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  1. #21

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    I've definitely grabbed a lot of tips here on lightweight. Still searching for the right tent....i've narrowed down a few tarptents that I am looking at. Right now with food and water I think...without having a scale in the house that my weight is around 25-30 lbs. Last year I carried a 50lb pack into virginia

    My average used to be about 40 lbs...which I learned from my father...who still carries 40 lbs on every trip he takes...with his external frame pack....we are working on it though.

    Not that I could not carry 40, 50, or even a 60 lb pack if I needed to. But as someone said before...you'll enjoy the day so much more with less weight. Alky stove is a great way to lose a pound and generally lighter clothes. No cotton flannel pants combo god those are heavy when wet.

    NO HATCHETS. NO BOWSAWS. NO GLASS BOTTLES. NO 2 LB BAG OF WHITE RICE. NO 2 LB BAG OF LINGUINI!!!!!

    Just a few polite suggestions

  2. #22
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    Not an ultra, as I enjoy my comforts, but something to be said for shaving as much wt. as possible. When I did my thru, I hung my pack on the scale at Amicalola and it weighed 69 lbs. By the time I was in Maine, I was under 30 lbs. fully loaded. With an external frame pack, a 4 lb. bag, and a 2 lb. thermarest and a 3.5lb tent.
    The biggest secret to reducing weight is simple, other than raingear, if you don't use it every single day at least once, send it home!!! It's that simple.

    My upcoming hike will be using the same pack, but I've managed to shave 3.5 lbs. off my bag and shelter. There's something to be said for a properly fitted external frame pack, it may be heavier, but once you get it dialed in, 25-30 lbs. will feel like 15.

  3. #23
    Registered User medicjimr's Avatar
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    Well I have been playing around with what I can afford now, I have a thin fleece sleeping bag if you want to call it for summer and just bought some small plastic bottles for downsizing stuff like camp soap, foot powder, etc It will happen with time.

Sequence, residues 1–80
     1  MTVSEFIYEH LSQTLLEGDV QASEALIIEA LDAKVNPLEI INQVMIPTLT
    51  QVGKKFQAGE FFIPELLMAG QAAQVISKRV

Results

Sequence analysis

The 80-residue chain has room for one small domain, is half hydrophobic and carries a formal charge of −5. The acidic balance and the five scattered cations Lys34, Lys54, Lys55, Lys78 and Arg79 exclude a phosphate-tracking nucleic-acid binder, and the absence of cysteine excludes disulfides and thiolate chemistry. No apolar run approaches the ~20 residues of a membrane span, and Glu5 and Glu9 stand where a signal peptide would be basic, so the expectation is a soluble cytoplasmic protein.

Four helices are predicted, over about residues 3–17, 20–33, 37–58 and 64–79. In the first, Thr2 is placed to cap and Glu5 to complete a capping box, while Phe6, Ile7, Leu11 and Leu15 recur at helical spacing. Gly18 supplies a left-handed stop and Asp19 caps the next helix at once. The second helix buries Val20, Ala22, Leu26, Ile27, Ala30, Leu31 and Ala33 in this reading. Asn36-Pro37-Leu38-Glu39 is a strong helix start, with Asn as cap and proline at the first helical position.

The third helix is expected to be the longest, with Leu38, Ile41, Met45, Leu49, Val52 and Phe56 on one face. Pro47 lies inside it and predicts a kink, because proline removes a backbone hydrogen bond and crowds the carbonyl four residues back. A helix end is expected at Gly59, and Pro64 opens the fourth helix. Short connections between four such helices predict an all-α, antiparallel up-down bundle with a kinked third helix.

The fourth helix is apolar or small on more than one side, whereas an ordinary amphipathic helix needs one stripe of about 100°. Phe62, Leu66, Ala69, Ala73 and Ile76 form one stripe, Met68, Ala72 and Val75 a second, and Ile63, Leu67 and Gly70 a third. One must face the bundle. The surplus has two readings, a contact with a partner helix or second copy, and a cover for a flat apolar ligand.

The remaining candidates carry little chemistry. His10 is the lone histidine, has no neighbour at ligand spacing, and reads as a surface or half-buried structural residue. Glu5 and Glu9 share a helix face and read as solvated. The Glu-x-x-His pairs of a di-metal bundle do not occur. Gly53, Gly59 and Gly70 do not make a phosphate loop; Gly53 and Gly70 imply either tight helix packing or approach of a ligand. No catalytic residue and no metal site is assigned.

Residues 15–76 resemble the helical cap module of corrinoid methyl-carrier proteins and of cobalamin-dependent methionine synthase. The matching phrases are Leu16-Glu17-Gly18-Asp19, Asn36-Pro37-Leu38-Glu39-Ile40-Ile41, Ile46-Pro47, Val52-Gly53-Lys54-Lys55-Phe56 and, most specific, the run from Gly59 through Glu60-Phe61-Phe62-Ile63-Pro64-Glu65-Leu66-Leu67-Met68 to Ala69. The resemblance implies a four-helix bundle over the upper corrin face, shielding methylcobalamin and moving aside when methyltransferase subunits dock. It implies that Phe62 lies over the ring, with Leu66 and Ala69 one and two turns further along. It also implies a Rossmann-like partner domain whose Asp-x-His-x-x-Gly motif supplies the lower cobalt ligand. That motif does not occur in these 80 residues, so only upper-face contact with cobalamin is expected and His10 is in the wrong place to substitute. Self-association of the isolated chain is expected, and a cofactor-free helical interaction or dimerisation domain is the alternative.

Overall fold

4. #24
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    I once hiked with my friends homemade kit backpacks w/o a hip belt . Because we had just resupplied - it topped out just over 30lbs OF COURSE w/ food and water. My pack w/ full suspension was about 5-6lbs heavier.

    Lesson learned.

    Unless you are fully committed to staying under 30 with everything, all the time, it is WAY more comfortable to carry a little more with a comfortable pack.

    IOW- there is more to comfort than weight.

    And another way to say it: 25 lbs in a ultra pack feels the same as 35 in pack with good suspension. 30+ lbs in a ultra pack feels like a 50lb pack cutting into your shoulders.

    BTW, I wanted to switch back after a mile, but not him!

  5. #25
    Registered User medicjimr's Avatar
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    Unless you are fully committed to staying under 30 with everything, all the time, it is WAY more comfortable to carry a little more with a comfortable pack.

    Thats my thoughts exactly, I see some of these ultralight packs with no suspension or padding yes I suppose you can roll up your bed roll for that But I use the BA air core so wouldn't work. I like the REI Flash 65 has padding stays and only ways 3 lbs so that is what I will be shooting for for now.

  6. #26
    Registered User Egads's Avatar
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    Quote Originally Posted by medicjimr View Post
    Unless you are fully committed to staying under 30 with everything, all the time, it is WAY more comfortable to carry a little more with a comfortable pack.

    Thats my thoughts exactly, I see some of these ultralight packs with no suspension or padding yes I suppose you can roll up your bed roll for that But I use the BA air core so wouldn't work. I like the REI Flash 65 has padding stays and only ways 3 lbs so that is what I will be shooting for for now.